Denise Low, Kansas Poet Laureate 2007-09, is winner of the Red Mountain Press Editor’s Choice Award for Shadow Light. Other books are a memoir, The Turtle’s Beating Heart: One Family’s Story of Lenape Survival (U. of Nebraska Press) and A Casino Bestiary: Poems (Spartan Press). Jackalope, fiction, was acclaimed by Pennyless (U.K.), American Book Review, and New Letters. She has won 3 Ks. Notable Book Awards and recognition from PSA, Roberts Foundation, Lichtor Award, NEH, and more. Low has an MFA (Wichita State U.) and Ph.D. (Ks.U.). She teaches for Baker University’s School of Professional and Graduate Studies. www.deniselow.net

Self-defense — by Katelyn Roth

Sharpen your knuckles

with keys and ready the heel of your hand

to crack noses. Knuckles sharp

with keys and the heel of the hand readies

to crack noses. Keys sharpen knuckles;

handheel cracks noses. Knuckles to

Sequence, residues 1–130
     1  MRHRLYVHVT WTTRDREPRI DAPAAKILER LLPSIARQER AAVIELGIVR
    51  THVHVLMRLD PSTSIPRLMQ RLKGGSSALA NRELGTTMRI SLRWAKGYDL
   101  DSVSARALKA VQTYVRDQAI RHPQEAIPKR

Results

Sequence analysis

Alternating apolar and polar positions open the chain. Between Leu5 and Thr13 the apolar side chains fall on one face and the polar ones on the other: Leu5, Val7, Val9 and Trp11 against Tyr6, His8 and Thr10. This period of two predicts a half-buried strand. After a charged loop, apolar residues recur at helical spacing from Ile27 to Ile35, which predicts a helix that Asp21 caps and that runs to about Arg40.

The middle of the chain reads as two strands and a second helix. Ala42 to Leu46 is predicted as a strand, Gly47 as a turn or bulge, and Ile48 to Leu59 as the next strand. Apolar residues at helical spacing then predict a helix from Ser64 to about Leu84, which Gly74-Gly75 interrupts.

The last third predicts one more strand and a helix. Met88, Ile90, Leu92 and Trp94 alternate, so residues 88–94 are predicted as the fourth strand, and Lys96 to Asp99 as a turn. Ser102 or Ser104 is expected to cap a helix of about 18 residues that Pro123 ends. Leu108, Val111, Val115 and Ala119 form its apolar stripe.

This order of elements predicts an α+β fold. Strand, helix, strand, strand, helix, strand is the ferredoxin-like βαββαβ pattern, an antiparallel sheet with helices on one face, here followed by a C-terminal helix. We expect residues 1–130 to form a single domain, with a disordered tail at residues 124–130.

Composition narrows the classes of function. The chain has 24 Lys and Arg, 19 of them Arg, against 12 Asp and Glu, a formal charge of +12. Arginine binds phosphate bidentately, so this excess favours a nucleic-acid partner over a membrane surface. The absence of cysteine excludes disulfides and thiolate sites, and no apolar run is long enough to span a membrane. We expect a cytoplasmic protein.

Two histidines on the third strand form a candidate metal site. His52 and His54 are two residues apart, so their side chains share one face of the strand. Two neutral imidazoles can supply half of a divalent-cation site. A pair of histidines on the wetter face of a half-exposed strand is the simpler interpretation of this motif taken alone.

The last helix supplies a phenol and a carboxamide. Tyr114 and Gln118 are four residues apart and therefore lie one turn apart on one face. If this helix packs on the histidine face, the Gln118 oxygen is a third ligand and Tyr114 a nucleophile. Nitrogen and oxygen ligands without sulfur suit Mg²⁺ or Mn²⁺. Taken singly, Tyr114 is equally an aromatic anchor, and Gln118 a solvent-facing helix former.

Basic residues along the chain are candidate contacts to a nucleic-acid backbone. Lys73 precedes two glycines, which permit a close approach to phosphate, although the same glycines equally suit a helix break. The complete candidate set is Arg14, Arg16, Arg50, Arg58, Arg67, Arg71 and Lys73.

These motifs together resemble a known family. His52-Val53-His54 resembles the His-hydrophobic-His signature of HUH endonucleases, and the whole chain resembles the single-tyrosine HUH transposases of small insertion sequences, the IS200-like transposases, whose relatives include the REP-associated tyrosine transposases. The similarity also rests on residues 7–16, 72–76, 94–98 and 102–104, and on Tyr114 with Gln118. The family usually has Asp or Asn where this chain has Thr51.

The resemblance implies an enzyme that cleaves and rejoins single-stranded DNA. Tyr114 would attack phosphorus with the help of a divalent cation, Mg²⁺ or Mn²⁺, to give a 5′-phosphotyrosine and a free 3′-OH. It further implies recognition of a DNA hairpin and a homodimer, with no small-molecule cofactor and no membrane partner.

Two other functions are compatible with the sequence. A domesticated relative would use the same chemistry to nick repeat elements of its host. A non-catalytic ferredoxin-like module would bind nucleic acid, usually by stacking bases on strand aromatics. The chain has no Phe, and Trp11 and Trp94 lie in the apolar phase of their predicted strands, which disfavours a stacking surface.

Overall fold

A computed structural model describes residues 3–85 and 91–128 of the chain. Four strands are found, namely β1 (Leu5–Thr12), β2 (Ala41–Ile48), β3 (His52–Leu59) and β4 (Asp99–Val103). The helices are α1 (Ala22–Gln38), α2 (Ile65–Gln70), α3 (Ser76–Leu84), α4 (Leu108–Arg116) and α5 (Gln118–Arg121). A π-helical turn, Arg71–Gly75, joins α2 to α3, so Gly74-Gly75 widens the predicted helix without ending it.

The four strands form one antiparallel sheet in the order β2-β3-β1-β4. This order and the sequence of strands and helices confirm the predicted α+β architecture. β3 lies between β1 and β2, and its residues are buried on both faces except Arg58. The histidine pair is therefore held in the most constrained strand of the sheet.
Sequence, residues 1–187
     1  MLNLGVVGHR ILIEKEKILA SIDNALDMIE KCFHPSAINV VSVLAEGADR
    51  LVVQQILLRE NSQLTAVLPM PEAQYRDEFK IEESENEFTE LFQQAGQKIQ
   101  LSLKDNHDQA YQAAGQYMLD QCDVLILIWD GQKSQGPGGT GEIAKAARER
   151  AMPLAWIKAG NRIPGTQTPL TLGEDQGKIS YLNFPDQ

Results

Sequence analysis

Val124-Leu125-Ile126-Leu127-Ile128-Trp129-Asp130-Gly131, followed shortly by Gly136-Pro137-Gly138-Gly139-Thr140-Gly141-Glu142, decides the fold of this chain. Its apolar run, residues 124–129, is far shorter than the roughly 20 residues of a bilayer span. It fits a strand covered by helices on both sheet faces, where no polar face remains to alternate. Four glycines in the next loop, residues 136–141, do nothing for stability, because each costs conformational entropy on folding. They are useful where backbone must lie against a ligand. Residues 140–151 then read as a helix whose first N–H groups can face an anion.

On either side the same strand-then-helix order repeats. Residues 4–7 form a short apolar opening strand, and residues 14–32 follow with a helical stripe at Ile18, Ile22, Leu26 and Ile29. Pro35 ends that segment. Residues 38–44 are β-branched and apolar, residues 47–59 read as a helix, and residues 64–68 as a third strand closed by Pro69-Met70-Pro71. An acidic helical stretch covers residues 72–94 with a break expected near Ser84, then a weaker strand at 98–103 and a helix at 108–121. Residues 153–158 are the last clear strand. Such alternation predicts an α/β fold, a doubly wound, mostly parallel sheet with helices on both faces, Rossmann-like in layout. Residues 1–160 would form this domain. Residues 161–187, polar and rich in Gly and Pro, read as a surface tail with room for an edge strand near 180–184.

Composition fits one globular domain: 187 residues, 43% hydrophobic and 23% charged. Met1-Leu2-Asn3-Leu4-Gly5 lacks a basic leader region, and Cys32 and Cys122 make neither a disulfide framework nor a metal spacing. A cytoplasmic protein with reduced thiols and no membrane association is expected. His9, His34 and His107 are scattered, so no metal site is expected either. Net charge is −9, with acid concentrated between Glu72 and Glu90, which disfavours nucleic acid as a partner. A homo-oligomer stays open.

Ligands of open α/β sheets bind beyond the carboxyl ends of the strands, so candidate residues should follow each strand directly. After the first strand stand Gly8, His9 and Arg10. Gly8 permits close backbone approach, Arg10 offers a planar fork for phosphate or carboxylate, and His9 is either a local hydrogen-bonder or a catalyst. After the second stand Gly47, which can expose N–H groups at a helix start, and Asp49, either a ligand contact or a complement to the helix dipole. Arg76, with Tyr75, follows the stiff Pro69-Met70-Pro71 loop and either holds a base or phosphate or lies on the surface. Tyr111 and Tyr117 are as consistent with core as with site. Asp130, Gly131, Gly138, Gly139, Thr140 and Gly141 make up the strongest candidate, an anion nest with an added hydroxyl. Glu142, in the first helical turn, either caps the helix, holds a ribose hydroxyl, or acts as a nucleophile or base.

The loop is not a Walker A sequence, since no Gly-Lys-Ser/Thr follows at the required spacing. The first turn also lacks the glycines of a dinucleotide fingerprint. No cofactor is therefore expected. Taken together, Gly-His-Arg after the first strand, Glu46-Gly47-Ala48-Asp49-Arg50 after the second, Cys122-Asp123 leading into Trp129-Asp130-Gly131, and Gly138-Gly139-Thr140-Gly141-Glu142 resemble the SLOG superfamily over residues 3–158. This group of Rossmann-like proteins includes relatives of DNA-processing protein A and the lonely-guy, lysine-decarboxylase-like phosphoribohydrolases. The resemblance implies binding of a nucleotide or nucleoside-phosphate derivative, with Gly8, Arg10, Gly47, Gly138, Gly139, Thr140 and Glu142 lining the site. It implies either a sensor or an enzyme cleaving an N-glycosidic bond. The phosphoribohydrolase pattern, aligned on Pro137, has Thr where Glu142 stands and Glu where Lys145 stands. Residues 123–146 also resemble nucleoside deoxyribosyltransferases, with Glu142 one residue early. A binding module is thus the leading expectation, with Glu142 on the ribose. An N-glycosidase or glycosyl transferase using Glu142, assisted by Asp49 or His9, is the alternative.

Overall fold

noses. Knuckles to noses. Knuckles

to noses. Knuckles to noses. I don’t even like

boxing. I check the backseat

before locking myself in. I hesitate

rolling the trash bin to the curb.

From ages 12-17 I practiced

shimmying tied hands from under my knees

without parting them. Every day

a female friend or relative forwarded the newest

threat—baby crying roadside, flat tires in the mall

parking lot, unattended bar drinks. I hate

the coiled crouch of my body in the dark,

hate my muscles knowing what to do, hate

my expectant resignation, hate

the assault that feels inevitable.

~ Katelyn Roth